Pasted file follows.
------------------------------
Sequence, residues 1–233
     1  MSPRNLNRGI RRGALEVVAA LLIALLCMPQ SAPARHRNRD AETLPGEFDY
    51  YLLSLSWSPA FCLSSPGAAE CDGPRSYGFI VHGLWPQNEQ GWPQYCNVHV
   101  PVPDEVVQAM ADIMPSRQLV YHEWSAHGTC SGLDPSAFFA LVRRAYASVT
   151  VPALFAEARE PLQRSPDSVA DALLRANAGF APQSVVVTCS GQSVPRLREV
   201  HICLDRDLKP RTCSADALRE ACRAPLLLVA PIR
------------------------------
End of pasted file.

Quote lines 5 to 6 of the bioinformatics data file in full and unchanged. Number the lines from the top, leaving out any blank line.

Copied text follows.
   151  VPALFAEARE PLQRSPDSVA DALLRANAGF APQSVVVTCS GQSVPRLREV
   201  HICLDRDLKP RTCSADALRE ACRAPLLLVA PIR